Take the example of moving a legacy on-premises SAP infrastructure to cloud. Doing so would improve business agility, but even more value is gained when you not only shift the existing SAP infrastructure to cloud but also convert to the S/4HANA cloud application environment. By doing so, businesses also get the benefits of S/4HANA, such as better data management, analytics, reporting and performance. That scenario translates into faster invoicing, better cash flow and increased supply chain efficiency—all of which drive better business outcomes.

A cloud-smart strategy requires IT leadership teams to consider the wider implications and full benefits of successful cloud technology adoption, across people, process, technology, modern sourcing and business interface considerations. For example:

  • Agility: Adopting DevOps and containerization at scale will likely require a modified IT operating model, as well as agile development and deployment. The agility these technologies enables means businesses can have an idea on a Monday morning about a new way of doing business and have a working concept up and running by the end of the week.

  • Service management: You also need to consider your overall service management structure, because if you’ve migrated from largely owned assets in data centers to a private or public cloud, for example, the way you manage major incidents also need to change. You’re now contacting your public cloud partner if there are service issues, not your own IT operations teams.

  • Tooling and instrumentation: Tooling also needs to change, because you go from managing physical assets like servers or network devices to applications and data workflows that are using the public cloud providers’ virtualized services. This requires modern tooling and instrumentation to enable you to see the end-to-end IT workflows.
    Tooling products such as application performance management measure a process end-to-end, enabling insight into what is happening in the entire cloud environment. This will become ever more crucial with what Gartner calls the "whole product" approach of industry cloud.

Cloud-smart considerations

The cloud-smart approach is to modernize, retire and replace in a phased way while ensuring short-term success and long-term business value. Here are six things to consider when charting a cloud-smart strategy:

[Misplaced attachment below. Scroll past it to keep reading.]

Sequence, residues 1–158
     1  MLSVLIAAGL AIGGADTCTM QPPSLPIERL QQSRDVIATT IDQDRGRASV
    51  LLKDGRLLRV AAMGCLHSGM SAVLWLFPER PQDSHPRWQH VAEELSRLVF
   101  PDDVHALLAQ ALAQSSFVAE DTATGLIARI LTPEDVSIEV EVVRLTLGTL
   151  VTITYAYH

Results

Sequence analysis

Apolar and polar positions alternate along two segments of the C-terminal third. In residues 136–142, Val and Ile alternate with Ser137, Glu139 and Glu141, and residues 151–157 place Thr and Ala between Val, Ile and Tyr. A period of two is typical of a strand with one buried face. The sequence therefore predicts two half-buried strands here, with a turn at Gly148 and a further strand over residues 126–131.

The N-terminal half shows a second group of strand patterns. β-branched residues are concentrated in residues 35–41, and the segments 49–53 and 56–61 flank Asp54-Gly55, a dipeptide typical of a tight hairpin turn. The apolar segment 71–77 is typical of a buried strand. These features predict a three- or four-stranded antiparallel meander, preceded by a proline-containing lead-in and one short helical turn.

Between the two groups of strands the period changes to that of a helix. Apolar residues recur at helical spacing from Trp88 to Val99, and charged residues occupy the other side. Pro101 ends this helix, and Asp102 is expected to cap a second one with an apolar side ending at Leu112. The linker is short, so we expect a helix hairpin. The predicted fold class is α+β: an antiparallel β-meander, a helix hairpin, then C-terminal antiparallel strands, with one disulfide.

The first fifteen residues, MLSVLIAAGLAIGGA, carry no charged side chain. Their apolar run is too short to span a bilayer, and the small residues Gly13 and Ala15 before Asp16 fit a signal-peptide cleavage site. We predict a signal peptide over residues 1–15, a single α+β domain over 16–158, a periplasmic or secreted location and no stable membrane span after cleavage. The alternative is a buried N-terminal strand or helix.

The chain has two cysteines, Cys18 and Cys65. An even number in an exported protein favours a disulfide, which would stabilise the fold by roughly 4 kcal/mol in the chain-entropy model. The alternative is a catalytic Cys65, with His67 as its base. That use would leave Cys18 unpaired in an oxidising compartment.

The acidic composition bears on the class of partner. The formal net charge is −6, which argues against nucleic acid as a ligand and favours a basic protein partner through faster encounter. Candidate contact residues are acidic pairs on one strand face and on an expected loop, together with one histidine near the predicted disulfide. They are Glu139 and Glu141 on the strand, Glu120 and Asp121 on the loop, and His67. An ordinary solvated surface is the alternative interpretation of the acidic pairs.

1. Understand the business strategy first, then look for cloud-smart opportunities to leverage new and emerging capabilities to ensure business adoption and acceleration of the strategy.

  2. Think about your timing. Plan for phases 1 and 2 of cloud adoption.

  3. Don’t be tempted to rush in. Carefully assess workloads and needs.

  4. Consider decommissioning and business application replacement programs. For example, would it be better to retire on-prem business applications now and, instead of migrating to infrastructure or platform as a service (IaaS and PaaS), move directly to an industry cloud solution?

  5. Create a plan for all phases, including post-migration optimization (phase 2) and industry cloud adoption.

  6. Account for the carbon footprint reduction benefits that can be gained (public vs. edge/private) and track those as part of corporate ESG reporting.

Shifting to a cloud-smart approach enables organizations to take advantage of cloud technology developments that increase agility and decrease cost. By doing so, businesses will extract the value and the promise of cloud, ensuring their investments stand the test of time.

Paul Hammond
VP, Cloud, Infrastructure & Security
Digitally Cognizant author Paul Hammond

Paul Hammond is VP, Cloud, Infrastructure & Security at Cognizant. He drives IT transformation to support our clients’ digital agenda, involving our partner ecosystem, industry cloud solutions and innovative commercial models.

Latest posts

Related posts

Subscribe for more and stay relevant

The Modern Business newsletter delivers monthly insights to help your business adapt, evolve, and respond—as if on intuition